Materials providing OSC in TWC are ceria-zirconia solid solutions of type CexZr1-xO2-δ (0<x<1). A detailed understanding of the thermodynamic properties of oxygen incorporation in these materials is important for optimization of the oxygen storage and release performance. The oxygen storage and release ability depends on the Ce/Zr ratio (the x-value), the amount of oxygen in the bulk (the δ-value) as well as the relative content of Ce4+ and Ce3+. The change in Gibbs free energy associated with storage or release of oxygen (∆G(δ)) and the change of Gibbs free energy due to changes of the Ce/Zr ratio (∆GS(x)) are distinguished properties of the oxygen storage material. Once those values are known, the equilibrium constants of all oxygen storage and release reactions can be directly derived. Experimental methods for doing so are based on measuring the equilibrium O2 partial pressure.
The goal of the present project is to get a better understanding of how the equilibrium partial pressure of oxygen over oxygen storage materials can be measured and theoretically described. For that purpose, a series of tests on well-defined model-catalysts and industrial catalysts operated under idealized gas conditions as well as gas mixtures representing engine exhaust composition under realistic operation conditions will be performed. The knowledge gained will be incorporated into a model capable of depicting the dynamic behavior of a TWC. Said model can then be used for a better control of the TWCs performance and on-board diagnosis, benefitting car manufactures as well as engine control unit and catalyst supplies.

Project manager:
Prof. Dr. rer. nat. habil. Jan Ingo Flege (since 01.09.2018)

Duration:
01.07.2018 – 30.09.2020

Index of advancement:
6013150/ Oxygen-Storage M2816

Promotional institution:
Forschungsvereinigung Verbrennungskraftmaschinen e.V. | Research Association for Combustion Engines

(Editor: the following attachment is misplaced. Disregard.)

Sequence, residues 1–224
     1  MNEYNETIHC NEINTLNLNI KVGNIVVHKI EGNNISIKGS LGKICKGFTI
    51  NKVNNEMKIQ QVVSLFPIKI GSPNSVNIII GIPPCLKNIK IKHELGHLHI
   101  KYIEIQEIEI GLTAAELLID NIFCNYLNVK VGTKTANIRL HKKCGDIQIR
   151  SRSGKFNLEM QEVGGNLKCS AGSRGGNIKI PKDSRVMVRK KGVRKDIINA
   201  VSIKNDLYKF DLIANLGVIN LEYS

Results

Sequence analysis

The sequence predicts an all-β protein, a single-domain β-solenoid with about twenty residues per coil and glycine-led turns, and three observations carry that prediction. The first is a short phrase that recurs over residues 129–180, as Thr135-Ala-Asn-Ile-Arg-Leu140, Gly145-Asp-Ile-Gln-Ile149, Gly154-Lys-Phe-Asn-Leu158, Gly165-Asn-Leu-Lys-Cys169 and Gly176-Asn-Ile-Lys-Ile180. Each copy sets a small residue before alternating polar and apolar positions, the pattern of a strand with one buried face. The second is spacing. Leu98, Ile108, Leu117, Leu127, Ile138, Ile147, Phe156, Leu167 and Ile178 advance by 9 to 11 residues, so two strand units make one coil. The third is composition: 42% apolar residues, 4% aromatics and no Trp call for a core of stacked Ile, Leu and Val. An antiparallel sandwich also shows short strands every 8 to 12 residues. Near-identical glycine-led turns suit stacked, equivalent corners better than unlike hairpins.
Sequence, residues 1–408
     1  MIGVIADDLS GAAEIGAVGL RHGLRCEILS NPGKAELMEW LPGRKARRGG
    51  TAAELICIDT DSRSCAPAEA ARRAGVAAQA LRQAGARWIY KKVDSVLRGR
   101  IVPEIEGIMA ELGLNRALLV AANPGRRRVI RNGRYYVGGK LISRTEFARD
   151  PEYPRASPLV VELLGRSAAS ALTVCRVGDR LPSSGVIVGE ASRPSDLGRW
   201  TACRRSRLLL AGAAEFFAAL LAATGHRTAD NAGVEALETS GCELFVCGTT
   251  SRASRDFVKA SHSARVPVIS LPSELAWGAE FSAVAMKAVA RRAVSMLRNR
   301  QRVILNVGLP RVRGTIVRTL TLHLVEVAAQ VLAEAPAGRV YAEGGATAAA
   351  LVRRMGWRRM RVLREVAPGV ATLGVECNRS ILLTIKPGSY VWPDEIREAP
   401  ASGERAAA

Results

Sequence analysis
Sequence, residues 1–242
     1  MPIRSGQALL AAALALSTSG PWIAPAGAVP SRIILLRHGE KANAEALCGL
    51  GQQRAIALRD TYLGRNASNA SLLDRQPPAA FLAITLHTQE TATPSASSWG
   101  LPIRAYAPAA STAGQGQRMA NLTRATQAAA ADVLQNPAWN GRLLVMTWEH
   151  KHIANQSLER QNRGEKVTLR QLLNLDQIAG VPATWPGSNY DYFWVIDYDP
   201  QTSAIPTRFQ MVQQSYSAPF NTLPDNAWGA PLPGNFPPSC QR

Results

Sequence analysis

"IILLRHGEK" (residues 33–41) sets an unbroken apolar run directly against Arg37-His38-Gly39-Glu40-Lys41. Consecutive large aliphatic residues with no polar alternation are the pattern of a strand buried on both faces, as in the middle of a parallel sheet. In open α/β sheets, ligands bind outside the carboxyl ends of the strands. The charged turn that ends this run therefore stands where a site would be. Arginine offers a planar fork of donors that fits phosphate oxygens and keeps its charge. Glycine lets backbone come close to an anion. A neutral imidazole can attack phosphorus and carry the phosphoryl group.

Keywords:
Three-way-catalyst, oxygen storage, emissions, cerium oxide, reaction kinetics, reaction equilibrium, simulation

Modeling of catalytic fixed bed reactors (BMWi, ZIM, ZF4510601ZG7)

Novel simulation tools for the modeling of catalytic fixed bed reactors Sub-project:Experimental verification of heterogeneous catalysis on the example of direct CO2 conversion to methan and methanol for the development of a simulation software

Brief description
In the context of the energy transition, new and innovative concepts must be found for sustainable energy storage and supply with a simultaneous solution to the CO2 problem. To meet the challenge of the fluctuating availability of renewable energies, the »power-to-gas« approach with a synthesis of methane on the one hand, but on the other hand also the »power-to-liquid« approach with a methanol synthesis are highly topical. Both processes are based on the use of heterogeneous catalysts, the performance of which plays a decisive role in the economic viability of the processes mentioned. If the catalytic reactions are understood, it is possible to optimize conversion, selectivity and yield while maximizing the life time.

The concept of a direct conversion of the CO2 component from the flue gas of e.g. coal-fired power plants, refineries or the cement industry is investigated as a novel method in the project. The direct conversion has the advantage that the separation of the CO2 is not necessary and e.g. methanol can be separated as a liquid phase. Methanation produces a gas mixture that can be converted back into electricity on demand in a combined heat and power plant. This would significantly expand the field of application for CO2 conversion back into valuable substances such as methane or methanol.

Within the project, LOGE Deutschland GmbH is developing a software tool for modeling the physical processes and chemical reactions in the catalyst. The experimental data input and the verification of the modeling is performed by the Chair of Applied Physics and Semiconductor Spectroscopy at BTU Cottbus-Senftenberg. Based on the understanding of the underlying processes achieved in this way, the optimization and upscaling of the above-mentioned processes can succeed.

Cooperation partner:
LOGE Deutschland GmbH
Burger Chaussee 25
03044 Cottbus

Project manager:
Prof. Dr. rer. nat. habil. Jan Ingo Flege (since 01.09.2018)
Dr. Klaus Müller

Duration:
01.04.2018 – 31.03.2020

Index of advancement:
ZF4510601ZG7

Promotional institution:
Federal Ministry for Economic Affairs and Energy in the framework of Central Innovation Programme for SMEs (ZIM)

Keywords:
heterogeneous catalysis, CO2 conversion, direct CO2 conversion from flue gas, methanation